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Diarrhea & Vomiting in Cats: When to Call Your Veterinarian
Drs. Foster & Smith, Inc.
Race Foster, DVM
Digestive System
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At one time or another every cat has a bout of vomiting or diarrhea. Usually they have eaten something disagreeable, eaten too much or too fast, are overly excited or nervous, have hairballs, or their body is reacting to any of a number of other non-serious conditions.

If your cat is not showing other signs of illness, you can save yourself a trip to the vet if you wait 12 hours and do the following:

  1. Take away all food and water so that the irritated intestinal tract can settle down. Nothing makes a vomiting cat vomit more than eating a large meal or drinking a large amount of water. You may allow the cat to drink very small amounts, and in this short time, if your cat is otherwise healthy, you don't have to worry about dehydration. If the diarrhea resolves, after 24 hours, you may give your cat very small amounts of a bland food, such as drained, cooked hamburger or chicken mixed with an equal amount of cooked rice.

  2. Observe your cat closely. Is behavior and activity otherwise normal? Think about and try to identify the cause of the problem. Could your cat have eaten something (like grass or a plant, garbage, or a dead animal) that upset her digestive system? Has your cat been wormed lately? Watch how your cat vomits or eliminates so you can describe it to your veterinarian if symptoms persist. Examine the stool or vomit. Collect samples if you believe you will need to take your cat in.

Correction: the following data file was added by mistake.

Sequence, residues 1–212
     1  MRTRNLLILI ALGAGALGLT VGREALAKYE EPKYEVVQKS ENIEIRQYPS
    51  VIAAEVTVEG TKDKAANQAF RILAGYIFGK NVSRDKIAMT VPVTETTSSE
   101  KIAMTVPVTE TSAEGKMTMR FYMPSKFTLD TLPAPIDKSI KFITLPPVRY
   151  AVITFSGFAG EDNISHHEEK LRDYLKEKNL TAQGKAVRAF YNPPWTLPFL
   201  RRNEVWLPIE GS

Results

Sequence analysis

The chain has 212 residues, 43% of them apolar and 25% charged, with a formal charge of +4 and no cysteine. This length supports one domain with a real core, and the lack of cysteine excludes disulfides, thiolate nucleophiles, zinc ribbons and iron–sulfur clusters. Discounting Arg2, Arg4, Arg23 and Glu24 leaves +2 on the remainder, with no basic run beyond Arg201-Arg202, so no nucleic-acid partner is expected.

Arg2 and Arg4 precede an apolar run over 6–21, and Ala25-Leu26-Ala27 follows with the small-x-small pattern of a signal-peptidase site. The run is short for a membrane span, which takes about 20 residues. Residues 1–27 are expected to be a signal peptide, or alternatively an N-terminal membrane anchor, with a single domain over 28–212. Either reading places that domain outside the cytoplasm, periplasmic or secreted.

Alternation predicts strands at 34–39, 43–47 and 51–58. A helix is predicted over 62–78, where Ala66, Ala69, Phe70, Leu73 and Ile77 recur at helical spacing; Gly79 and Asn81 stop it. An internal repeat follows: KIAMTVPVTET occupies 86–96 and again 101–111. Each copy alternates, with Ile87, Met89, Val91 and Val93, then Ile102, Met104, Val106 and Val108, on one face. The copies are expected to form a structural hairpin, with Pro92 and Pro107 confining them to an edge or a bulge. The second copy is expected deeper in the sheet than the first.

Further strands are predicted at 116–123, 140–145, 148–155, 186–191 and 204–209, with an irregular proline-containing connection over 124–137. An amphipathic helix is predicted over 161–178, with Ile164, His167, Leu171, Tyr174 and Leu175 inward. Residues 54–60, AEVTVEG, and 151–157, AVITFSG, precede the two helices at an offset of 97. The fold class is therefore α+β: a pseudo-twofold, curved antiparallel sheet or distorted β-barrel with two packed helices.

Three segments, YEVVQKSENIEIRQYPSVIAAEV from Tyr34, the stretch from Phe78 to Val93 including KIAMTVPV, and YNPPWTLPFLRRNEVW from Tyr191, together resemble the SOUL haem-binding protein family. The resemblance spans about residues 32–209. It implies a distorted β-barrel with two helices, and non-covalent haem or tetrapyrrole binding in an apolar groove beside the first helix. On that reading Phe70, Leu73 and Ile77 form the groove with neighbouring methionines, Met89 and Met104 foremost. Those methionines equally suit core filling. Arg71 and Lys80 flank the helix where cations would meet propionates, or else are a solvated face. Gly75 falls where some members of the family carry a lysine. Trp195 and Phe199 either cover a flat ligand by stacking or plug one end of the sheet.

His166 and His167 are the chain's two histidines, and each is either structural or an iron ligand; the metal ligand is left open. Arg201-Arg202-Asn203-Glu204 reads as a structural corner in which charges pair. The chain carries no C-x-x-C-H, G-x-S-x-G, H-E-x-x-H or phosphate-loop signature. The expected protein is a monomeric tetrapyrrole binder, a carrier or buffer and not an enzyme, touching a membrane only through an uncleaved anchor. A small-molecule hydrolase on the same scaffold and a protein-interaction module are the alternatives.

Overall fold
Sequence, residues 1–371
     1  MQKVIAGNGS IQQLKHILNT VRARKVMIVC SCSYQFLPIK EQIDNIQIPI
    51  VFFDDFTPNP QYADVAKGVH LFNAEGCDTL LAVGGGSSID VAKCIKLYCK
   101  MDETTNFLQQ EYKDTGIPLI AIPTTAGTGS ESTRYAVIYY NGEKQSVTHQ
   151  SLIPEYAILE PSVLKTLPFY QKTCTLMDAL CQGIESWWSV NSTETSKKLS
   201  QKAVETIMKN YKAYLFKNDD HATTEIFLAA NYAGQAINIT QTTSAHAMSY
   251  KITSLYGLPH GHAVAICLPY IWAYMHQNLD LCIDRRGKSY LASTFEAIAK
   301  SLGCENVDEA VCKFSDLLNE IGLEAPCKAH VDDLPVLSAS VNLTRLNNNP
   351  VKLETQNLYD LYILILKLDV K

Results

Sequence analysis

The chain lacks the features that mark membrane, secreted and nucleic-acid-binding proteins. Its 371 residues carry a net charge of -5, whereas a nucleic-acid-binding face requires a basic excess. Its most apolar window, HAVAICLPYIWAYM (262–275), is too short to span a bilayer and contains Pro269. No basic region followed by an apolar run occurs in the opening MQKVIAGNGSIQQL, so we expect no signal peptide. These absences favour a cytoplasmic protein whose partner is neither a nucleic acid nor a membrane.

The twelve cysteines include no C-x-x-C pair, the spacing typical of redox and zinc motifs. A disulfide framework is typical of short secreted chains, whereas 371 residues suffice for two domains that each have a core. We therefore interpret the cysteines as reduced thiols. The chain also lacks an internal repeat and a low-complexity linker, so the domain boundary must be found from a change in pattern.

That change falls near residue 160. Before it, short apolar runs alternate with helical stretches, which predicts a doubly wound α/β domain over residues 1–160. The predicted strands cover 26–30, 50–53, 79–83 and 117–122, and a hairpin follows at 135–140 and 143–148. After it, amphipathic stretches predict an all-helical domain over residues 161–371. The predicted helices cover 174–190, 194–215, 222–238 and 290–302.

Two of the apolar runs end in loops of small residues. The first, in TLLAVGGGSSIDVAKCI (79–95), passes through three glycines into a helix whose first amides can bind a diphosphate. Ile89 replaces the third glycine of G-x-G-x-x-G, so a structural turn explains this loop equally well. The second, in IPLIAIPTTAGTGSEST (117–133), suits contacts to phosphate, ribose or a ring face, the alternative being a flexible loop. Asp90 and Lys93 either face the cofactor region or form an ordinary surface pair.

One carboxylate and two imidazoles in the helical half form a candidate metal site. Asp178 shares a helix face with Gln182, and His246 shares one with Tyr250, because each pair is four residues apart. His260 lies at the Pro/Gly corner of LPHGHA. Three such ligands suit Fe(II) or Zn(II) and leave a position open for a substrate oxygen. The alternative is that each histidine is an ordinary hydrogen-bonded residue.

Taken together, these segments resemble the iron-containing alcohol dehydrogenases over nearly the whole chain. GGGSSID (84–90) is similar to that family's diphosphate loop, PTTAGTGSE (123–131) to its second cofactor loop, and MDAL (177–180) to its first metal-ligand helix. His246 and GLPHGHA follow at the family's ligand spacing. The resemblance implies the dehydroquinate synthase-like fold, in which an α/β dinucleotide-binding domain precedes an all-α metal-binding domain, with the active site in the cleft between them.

When you should call your veterinarian

Vomiting:

  • blood in vomit
  • vomiting accompanied by diarrhea
  • vomit looks and smells like stool
  • vomiting is projectile
  • vomiting is sporadic and there is no relationship to meals
  • multiple bouts of vomiting occur over a short period of time
  • ingestion of a poison (like antifreeze or fertilizer) is suspected
  • vomiting persists more than a day or two
  • stomach bloating occurs or your cat tries to vomit but can not
  • cat also appears listless
  • there is weight loss
  • cat is showing other signs of illness such as labored breathing or pain

Diarrhea:

  • bloody diarrhea
  • diarrhea accompanied by vomiting
  • multiple bouts of vomiting occur over a short period of time
  • ingestion of a poison is suspected
  • fever and other signs of toxicity are present
  • diarrhea persists more than a day or two
  • cat also appears listless
  • there is weight loss
  • cat is showing other signs of illness such as labored breathing or pain
 

RELATED ARTICLES:
Treatment of Tritrichomonas Diarrhea in Cats 
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